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Book 1 - Shadow of the Eclipse [Complete 2nd Draft]
Finding the path and mending the wounds of grief is a tumultuous undertaking for the twins Desilantre after the loss of their parents a year earlier. In the midst of battle, a fateful event tears them from the elven warship, the Lychen’s Fiddle and the broken remnants of their family. Hurting and afraid, they find themselves lost and alone in the wilderness with no discernible way home. Cooperation is key should they survive in these uncharted lands, yet the ancient plague of sibling rivalry constantly threatens to tear them apart.
Book 2 - In the Shadow of Dreams - Part I [1st Draft]
Searching the memories of the past for the answers to the present and reunited with a fragment of what was, Sialin is confronted with the trauma of her childhood and remains unresponsive to the outside world. Selera, finally with direction in the search for the twins is unwittingly set on a path that leads to the double edged sword and Sialin’s chosen, the Crimson Demon. The twins, at the edge of hope find solace in their bond and those that have shielded them from danger. Truth, fate and destiny entwined, leads all closer to the veiled machinations of the Enclave and the Talkenerran Coast.
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So up till now i really like the story and it kind of gives me name of the wind vibes :). Let me explain. You have different Povs that are intertwined but distant from another and there is a long run goal that might or might not be achievable. That's what reminds me of name of the wind. Grammar seems good, but english is not my first language. It sometimes gets confusing, when there is a plot going down, but you have to wait for the next chapter. But all in all it's a good story and i am looking forward to where it's going.
as i am a dragon fan i am especially looking forward if they will meet the dragon.
So give the author a read it's worth it and support their passion :D
This is a tale with two twins in focus, but there are also a lot of colourful, vibrant side characters that all feel alive. The pacing is a little slower, but I feel like a warm hand encloses me as I read, and it gently places me in the story to show me around.
I feel like this is brewing up to something nice, and I'd like to follow these characters and see how they develop as the story goes on!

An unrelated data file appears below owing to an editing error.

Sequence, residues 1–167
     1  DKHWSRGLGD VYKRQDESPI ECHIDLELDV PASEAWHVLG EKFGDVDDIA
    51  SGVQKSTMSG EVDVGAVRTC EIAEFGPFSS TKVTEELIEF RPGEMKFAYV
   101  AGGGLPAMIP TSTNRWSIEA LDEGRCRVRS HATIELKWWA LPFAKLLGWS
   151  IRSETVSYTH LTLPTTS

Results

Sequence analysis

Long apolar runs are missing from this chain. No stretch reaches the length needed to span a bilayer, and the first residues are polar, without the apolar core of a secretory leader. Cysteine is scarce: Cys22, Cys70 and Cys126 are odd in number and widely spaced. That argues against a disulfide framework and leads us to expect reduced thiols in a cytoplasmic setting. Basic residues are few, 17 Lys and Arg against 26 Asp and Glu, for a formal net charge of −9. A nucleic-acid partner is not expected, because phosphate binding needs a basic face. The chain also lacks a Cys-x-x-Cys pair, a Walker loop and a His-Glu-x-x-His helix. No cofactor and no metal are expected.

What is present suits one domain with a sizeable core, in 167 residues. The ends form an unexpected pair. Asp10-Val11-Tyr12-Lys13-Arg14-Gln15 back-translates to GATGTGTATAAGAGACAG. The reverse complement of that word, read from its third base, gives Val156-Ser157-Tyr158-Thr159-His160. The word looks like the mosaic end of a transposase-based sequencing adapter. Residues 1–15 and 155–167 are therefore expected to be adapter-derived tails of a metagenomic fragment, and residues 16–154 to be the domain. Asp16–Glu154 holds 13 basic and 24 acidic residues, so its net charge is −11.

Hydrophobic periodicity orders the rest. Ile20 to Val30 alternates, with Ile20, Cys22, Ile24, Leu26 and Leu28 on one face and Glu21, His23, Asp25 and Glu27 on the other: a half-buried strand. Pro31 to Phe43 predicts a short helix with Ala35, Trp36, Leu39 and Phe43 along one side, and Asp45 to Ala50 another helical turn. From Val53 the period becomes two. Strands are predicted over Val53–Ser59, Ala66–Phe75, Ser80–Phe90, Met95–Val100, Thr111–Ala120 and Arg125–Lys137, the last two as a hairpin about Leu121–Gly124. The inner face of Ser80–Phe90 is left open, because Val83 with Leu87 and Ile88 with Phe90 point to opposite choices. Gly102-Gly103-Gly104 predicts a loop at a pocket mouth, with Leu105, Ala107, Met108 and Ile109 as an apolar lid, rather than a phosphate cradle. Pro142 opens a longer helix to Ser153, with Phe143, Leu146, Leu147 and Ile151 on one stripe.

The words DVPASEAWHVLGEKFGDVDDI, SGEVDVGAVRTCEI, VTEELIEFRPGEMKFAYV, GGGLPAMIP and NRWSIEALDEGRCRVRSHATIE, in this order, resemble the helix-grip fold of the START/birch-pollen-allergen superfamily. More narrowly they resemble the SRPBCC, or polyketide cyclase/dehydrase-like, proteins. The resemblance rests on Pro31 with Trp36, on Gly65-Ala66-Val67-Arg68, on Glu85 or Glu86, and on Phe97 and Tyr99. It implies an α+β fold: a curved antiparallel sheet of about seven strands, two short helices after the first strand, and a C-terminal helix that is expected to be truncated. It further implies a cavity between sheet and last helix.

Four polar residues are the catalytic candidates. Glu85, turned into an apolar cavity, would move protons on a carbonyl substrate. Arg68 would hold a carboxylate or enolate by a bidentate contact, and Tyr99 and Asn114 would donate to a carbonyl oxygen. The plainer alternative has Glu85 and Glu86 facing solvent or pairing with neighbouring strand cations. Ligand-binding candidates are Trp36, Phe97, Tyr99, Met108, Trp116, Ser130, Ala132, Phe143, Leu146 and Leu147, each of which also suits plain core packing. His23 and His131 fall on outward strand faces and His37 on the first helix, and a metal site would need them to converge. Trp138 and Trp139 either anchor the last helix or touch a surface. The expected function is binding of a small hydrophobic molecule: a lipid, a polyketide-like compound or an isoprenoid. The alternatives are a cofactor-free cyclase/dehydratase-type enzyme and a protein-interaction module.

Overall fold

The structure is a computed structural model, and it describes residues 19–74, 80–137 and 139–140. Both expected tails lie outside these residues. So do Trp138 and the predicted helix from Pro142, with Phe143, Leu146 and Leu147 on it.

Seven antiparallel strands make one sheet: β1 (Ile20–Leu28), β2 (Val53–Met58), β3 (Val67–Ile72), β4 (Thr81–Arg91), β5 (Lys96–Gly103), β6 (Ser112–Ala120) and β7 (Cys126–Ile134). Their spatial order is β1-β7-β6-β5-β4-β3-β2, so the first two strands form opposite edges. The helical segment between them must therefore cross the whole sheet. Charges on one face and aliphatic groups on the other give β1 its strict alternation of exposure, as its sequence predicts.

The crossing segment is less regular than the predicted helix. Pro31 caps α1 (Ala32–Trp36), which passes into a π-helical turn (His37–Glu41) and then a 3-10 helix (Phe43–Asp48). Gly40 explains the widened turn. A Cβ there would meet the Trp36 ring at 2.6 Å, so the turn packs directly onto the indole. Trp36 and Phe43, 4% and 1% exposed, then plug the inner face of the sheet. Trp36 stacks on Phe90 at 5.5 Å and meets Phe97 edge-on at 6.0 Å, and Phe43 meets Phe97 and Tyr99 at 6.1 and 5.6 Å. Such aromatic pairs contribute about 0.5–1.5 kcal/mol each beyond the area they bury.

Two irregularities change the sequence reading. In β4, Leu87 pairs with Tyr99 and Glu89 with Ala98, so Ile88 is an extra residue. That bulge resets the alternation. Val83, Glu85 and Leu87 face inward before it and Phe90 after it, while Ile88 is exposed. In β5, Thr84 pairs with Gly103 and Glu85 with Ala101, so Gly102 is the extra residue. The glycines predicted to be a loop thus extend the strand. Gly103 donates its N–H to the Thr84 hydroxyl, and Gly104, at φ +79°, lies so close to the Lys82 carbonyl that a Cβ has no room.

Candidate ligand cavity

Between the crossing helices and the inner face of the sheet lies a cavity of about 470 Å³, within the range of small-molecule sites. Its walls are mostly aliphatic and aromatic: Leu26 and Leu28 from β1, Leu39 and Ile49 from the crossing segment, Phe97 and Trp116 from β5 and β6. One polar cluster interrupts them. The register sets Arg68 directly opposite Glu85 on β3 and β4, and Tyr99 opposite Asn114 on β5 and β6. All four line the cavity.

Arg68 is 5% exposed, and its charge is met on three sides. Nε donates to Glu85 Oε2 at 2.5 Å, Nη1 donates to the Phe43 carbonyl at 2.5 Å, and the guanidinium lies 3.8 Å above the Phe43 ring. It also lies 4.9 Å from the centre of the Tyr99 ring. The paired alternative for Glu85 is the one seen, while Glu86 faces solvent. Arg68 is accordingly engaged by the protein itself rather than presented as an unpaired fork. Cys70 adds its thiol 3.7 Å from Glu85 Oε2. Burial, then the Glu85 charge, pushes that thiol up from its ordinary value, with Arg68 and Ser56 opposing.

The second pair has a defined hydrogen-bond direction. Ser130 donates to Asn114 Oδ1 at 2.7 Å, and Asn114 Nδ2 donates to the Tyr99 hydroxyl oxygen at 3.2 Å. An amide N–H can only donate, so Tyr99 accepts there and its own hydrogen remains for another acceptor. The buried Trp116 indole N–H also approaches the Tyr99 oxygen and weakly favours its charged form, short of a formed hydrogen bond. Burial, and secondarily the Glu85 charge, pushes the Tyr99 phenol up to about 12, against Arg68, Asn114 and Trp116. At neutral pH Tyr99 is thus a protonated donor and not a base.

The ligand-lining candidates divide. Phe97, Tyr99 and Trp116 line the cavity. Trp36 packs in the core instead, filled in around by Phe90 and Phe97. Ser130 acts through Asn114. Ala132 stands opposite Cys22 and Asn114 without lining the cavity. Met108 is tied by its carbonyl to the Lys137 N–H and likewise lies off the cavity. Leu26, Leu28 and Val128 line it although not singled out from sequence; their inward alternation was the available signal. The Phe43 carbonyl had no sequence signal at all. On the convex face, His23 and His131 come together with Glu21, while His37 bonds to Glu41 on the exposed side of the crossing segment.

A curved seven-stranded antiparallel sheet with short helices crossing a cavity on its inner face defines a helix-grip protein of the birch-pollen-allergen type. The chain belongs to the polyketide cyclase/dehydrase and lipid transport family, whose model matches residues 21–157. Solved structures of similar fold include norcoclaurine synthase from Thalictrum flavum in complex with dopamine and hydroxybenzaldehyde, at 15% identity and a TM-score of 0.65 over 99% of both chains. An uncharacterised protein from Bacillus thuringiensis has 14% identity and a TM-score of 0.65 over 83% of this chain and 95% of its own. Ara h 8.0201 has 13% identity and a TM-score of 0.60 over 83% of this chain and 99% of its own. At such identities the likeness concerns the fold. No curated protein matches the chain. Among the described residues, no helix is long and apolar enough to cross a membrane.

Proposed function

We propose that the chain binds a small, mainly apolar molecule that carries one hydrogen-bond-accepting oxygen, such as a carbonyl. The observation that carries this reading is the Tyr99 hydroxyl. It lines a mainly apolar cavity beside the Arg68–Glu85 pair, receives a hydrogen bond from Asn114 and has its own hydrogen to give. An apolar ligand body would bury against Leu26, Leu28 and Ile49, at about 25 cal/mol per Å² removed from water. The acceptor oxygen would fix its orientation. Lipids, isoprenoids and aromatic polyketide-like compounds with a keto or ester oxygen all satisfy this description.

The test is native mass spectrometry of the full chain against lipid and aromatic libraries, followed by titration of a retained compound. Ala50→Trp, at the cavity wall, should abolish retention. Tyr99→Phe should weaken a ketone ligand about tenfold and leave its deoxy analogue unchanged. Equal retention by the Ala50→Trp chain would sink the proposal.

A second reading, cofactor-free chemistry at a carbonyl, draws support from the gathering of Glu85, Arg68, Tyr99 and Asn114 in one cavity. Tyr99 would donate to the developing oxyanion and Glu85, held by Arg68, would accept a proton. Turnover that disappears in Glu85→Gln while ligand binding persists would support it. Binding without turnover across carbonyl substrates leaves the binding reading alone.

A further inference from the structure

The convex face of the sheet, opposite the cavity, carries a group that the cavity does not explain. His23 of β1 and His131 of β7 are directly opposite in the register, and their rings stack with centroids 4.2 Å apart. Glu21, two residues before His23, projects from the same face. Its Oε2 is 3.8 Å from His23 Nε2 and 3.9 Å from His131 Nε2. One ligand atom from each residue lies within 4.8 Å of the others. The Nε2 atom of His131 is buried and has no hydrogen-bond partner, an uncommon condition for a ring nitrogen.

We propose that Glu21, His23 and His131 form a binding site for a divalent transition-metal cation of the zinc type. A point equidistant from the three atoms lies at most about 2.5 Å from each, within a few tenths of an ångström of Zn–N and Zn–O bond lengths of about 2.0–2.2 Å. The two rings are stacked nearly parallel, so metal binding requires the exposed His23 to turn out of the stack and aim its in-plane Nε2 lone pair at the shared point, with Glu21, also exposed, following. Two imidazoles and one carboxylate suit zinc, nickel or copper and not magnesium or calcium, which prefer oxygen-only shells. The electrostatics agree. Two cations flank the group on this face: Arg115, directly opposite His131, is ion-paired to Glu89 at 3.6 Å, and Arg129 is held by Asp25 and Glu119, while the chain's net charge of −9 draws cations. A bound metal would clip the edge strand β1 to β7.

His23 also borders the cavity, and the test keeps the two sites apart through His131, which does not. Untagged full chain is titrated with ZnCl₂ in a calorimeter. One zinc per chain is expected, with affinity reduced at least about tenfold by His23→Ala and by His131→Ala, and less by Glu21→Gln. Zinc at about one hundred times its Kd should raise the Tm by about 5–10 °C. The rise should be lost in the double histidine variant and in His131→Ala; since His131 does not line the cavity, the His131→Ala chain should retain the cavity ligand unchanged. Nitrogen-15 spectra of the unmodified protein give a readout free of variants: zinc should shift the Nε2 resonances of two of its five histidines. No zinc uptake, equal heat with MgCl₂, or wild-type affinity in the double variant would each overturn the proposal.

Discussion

there are some plays at different cultures that are both commonly found and new at the same time, and I like how the story slowly delves deeper into the cultures and the powers that are growing all around them.
What's said above, coupled with a good use of language, makes me want to read on, and I'd advice you to give it a shot!
This is hands down one of the best stories I've read. The prose flows beautifully and the characters are rich with depth and emption. The story develops slowly but it allows you to experiece every moment richly. The magic system ( that has been exposed so far) is complex and the world building is deep.
overall, a 5 star book. I'm sure I'm getting no sleep tonight.
Slow in the way that the turtle would win the race ten times over. Take that comment as you want.
Anyway. The story is pretty damn good. While, again, there might be some level of slow pacing to it, I think that's more an after-effect of the amount of information packed into the story. Not that this equals constant info-packs. Somehow. Still not sure how the author succeeded in that.
Characters are nice enough, Grammar is without obvious errors, and it's an overall good story. 4.5/5 from me.
I rate this highly for the passion flowing through its veins
its attention to detail and structure never wanes
it burns slowly, leaving lots of time for characters
they will grow on you long before their big adventures
The style is densely packed with dialogue and fine detail
the narration is fluent and depicts a vivid tale
scenes are built with loving care, and everything is clear
and you’ll be well accustomed when the action does appear
The story is a slowburn, so if that’s your thing then great
things progress a little slow but it is worth the wait
where the plot's at now, it's getting juicy and heavy
it's like a feast on thanksgiving with delicious gravy!
The world is growing outward from the interacting cast
a history of of magic is expanding very fast
it’s simply interesting if you like your share of lore
if you are, then that’s what you’ll enjoy this story for
The language used is great, and there’s appropriate jargon